My reading life has taken a detour since a job change (same company, new location) put me into a forty minute car commute. Now, instead of a forty-five minute bus and train commute, during which I plowed through the books, I now have a bunch of books languishing on my mantle. I read them, but in small bites only (a few pages a day). So what's on the mantle?
The Know-It-All is my bathroom book. In the morning, I'll take a seat (ahem) and I will read an entry or two from A.J. Jacobs' lively book. He's read the entire Britannica, and each 'entry' in his book is a summation of an entry in that famed encyclopedia. The book also serves as a memoir of sorts, and I am enjoying his witty takes on life.
The Brothers Karamazov is a book I had started just as I was getting the job transfer. However, the impetus for reading this book was planted way back in high school when I finally finished Crime and Punishment. The mood of Dostoevsky's masterpiece put me in such a reading trance that I didn't want to rush it. Even though my English class 'finished' the book (I must have skimmed it), I kept reading it right into summer vacation. I knew I wanted another experience like that. Fast forward almost twenty years later, and I'm reading this fascinating novel about "the brothers." And it's just as mesmerizing.
All Souls is a book that my wife finished earlier in the year, and she said "You've got to read this!" I read a few pages, got hooked, and am now scrambling to find time for it. It's Michael MacDonald's memoir of his Irish family living in "Southie" (a neighborhood in Boston) during the tumultuous 1970s. The forced busing conflict brought segregation to the forefront of his consciousness. He also tackles the rise of crime and drug use in his neighborhood. It's so far a great book about the inner city.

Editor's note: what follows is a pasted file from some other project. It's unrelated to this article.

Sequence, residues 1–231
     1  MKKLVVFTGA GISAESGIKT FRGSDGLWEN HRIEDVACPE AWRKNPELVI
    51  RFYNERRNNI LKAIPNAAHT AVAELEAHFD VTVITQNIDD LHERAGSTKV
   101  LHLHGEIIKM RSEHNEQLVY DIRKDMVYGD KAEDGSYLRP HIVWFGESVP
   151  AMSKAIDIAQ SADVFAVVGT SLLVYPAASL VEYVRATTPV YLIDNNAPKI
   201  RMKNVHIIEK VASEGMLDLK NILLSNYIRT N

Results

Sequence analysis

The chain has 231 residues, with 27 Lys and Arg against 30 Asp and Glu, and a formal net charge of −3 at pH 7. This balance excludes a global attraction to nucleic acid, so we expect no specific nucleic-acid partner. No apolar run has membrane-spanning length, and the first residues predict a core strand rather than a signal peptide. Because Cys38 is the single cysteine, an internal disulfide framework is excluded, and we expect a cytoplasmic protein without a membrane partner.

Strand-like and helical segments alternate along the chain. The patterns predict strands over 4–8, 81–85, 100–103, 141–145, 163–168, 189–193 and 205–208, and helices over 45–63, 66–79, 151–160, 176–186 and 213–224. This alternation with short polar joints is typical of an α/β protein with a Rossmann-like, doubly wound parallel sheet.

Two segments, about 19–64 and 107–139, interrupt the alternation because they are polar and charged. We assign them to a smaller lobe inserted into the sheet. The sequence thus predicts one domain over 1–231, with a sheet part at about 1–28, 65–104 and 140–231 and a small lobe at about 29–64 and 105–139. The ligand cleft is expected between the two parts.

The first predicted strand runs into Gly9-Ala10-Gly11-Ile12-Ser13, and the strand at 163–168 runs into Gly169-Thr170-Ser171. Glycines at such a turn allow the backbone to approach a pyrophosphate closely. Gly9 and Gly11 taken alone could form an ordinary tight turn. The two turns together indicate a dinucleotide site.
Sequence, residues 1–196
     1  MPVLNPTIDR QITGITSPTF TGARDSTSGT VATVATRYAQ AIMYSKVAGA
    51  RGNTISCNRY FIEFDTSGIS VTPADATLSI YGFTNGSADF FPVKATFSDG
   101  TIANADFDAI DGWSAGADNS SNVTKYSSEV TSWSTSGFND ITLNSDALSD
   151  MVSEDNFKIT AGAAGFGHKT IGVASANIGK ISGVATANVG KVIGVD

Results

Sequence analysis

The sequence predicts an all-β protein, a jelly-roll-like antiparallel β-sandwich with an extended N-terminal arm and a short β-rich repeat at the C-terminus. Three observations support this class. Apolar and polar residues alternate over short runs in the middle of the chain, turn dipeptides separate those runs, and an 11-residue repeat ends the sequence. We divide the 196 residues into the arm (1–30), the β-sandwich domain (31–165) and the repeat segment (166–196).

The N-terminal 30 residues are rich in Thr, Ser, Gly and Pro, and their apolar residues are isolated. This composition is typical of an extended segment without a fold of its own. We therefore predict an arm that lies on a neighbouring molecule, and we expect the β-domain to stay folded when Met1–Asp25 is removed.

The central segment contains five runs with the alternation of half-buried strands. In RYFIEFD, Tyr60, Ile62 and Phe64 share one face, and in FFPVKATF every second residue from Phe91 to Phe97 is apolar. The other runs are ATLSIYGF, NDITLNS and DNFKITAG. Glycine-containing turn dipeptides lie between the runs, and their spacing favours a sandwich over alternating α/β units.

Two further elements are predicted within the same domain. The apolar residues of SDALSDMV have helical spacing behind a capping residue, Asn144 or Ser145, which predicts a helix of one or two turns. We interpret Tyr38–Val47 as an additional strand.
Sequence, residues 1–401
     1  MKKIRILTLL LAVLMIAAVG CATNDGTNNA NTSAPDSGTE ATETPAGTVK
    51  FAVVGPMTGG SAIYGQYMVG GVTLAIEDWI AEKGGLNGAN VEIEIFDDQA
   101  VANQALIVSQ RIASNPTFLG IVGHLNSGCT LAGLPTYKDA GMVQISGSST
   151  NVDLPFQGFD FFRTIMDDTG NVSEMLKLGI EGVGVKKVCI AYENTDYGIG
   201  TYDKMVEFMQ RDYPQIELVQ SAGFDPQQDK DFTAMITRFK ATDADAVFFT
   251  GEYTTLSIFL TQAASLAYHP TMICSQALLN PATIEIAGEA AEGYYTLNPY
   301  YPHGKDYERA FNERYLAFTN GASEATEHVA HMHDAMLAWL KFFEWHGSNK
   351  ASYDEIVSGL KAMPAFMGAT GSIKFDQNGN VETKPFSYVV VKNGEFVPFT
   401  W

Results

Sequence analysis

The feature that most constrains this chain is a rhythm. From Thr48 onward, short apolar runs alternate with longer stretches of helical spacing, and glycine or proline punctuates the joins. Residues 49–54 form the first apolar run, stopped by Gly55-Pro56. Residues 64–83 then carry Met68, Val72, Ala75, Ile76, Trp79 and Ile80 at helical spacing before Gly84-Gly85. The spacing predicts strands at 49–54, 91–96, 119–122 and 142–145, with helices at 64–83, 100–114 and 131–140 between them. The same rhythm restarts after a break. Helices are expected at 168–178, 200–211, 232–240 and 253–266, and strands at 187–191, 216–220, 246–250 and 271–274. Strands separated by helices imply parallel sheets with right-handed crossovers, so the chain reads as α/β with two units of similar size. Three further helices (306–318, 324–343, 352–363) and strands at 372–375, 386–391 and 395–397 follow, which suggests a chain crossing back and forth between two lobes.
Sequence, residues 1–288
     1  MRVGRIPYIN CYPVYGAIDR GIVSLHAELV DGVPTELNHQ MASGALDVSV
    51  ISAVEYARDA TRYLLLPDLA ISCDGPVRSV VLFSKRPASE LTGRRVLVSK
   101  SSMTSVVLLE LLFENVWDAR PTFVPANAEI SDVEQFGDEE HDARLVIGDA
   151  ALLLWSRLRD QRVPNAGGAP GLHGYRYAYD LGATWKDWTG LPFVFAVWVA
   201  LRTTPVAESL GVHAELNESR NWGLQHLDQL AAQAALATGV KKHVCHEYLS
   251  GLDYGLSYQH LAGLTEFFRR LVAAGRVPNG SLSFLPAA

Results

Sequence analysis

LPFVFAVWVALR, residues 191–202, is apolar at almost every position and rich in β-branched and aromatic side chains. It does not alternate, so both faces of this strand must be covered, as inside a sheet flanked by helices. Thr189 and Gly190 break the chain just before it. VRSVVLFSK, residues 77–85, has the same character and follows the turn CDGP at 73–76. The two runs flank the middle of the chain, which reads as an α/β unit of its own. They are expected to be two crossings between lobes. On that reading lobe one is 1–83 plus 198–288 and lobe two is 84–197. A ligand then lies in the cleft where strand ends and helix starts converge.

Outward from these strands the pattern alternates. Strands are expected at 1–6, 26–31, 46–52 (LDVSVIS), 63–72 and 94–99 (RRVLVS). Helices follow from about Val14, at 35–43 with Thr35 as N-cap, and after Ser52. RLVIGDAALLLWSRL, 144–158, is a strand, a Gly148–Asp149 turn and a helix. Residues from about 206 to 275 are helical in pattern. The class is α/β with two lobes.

All of these books are taking a back-seat to The Boys of Winter, a stirring recollection of the 1980 United States men's hockey team and their "miracle on ice" at the Lake Placid Olympics. I received this as a birthday gift (thanks Mom) and it's a super work. I can still recall the rousing patriotism I felt when our team beat the Russians. But to this day, I had never read more than a few articles about that victory. This book dissects the Russian-United States game, much like my other favorite "single game" books, Nine Innings and Forty-Eight Minutes. This is a splendid book so far.
I don't mind reading slowly. But I hope by the end of the month I can report on finishing at least one of these books.